My friend and I started a tradition of playing games that offer an online multiplayer feature or cooperative play ever since I joined the vast and wonderful world of video games. We have played everything from Borderlands to Overwatch. It’s quality time we look forward to scheduling every other weekend when we may not always see each other in person due to conflicting work schedules. It has made playing and finishing games easier and fun when you have another person uniting in your cause to seeing a game through to the end, or at least having a partner to fight a particularly hard boss. The latest game to be added to our small but growing collection of games we can and have played together is Far Cry 5.
One of the most rewarding things about blogging is its community. The simple act of reading, commenting, and following other bloggers, whose interests are similar to your own, leads you to life long friends and supporters you never would have connected with otherwise. And what’s especially great about the WordPress community is the overwhelming warmth and kindness that unfailingly greets you every time you come online, which can sometimes inspire your fellow peers to nominate you for a blogging award.
Whenever a new game releases, we expect that it’s a completely finished product with not much else to add after a player beats and completes all there is to offer. Sometimes DLC may get developed and added later for purchase, as this has been a common practice for most video games. But once a game has been experienced for the first time and we feel mostly satisfied with what we have played after it’s over, we’re already moving onto the next story and gameplay to pull at the heartstrings and excite us. The game we just played will still be the same game when we revisit it at a later date, right? Not exactly when we look at a video game like Final Fantasy XV, the one game so far that’s striving to give players newer content with tweaks to the gameplay each and every time you decide to load it up on your console.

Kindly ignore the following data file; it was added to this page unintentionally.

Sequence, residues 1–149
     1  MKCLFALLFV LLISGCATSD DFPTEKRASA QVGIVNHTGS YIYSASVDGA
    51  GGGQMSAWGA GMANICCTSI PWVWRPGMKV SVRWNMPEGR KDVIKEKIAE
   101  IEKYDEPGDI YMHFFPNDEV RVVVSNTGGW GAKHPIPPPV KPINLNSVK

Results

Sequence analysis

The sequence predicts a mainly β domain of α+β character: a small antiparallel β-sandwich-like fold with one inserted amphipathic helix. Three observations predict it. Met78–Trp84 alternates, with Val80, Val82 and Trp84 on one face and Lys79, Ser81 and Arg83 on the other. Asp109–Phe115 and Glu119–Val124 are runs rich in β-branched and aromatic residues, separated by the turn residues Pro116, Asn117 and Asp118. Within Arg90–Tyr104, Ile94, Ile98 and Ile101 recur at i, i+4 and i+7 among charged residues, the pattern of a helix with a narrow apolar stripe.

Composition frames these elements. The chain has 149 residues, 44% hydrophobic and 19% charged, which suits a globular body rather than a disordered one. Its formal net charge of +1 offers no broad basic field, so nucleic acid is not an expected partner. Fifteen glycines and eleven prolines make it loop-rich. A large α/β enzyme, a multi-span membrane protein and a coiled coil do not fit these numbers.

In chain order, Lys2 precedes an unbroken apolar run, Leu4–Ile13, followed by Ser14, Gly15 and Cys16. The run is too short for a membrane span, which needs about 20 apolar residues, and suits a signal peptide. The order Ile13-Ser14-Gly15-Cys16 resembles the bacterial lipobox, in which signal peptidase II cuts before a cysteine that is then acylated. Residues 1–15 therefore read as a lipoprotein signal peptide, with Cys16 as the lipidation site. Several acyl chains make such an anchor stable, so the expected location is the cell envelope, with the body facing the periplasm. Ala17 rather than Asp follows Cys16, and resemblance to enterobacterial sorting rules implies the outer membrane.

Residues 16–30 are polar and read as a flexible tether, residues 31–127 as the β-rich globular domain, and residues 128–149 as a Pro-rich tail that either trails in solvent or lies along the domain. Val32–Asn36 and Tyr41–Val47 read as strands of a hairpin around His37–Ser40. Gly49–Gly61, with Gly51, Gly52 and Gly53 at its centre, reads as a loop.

We’re nearly two months done with the year 2018 and it has me thinking about video games lately. Many video games sites and blogs often discuss which upcoming games in the new year they’re most excited to see and play across all platforms. It’s a mixed bag of genres, style, and gameplay that will appeal to just about any personal gaming tastes. Or at the very least put it on a gamer’s watch list if they’re on the fence deciding to purchase it on Day 1. When taking stock of the titles coming for the current year we’re in, I always find myself counting less games on my hand of what I’ll immediately purchase.
Last year I picked up Blizzard Entertainment’s Overwatch and joined the millions of people who fell in love with this widely popular online multiplayer game. It became the game to play with my friend whenever we had our gaming sessions every other weekend. With currently 26 characters to choose from, Moira being the newest and latest character to join the roster, players are bound to find one or two they really enjoy playing as. After spending more time playing the game and almost trying every single character available, I can confidently say I have found the ones I’ll gravitate towards each and every time.
Final Fantasy XV had a jam packed 2017 for DLC. Despite the game’s initial 2016 release, newer content is still being created and released even after players have ended their journey with Noctis and his crew. The most anticipated DLC fans of the game have been looking forward to are the companion episodes that dug deeper into key moments in the game that affected Noctis’ friends solely: Gladiolus, Prompto, and Ignis. With all three episodes now available to download and play, I review and rank each DLC episode dedicated to these lovable bros.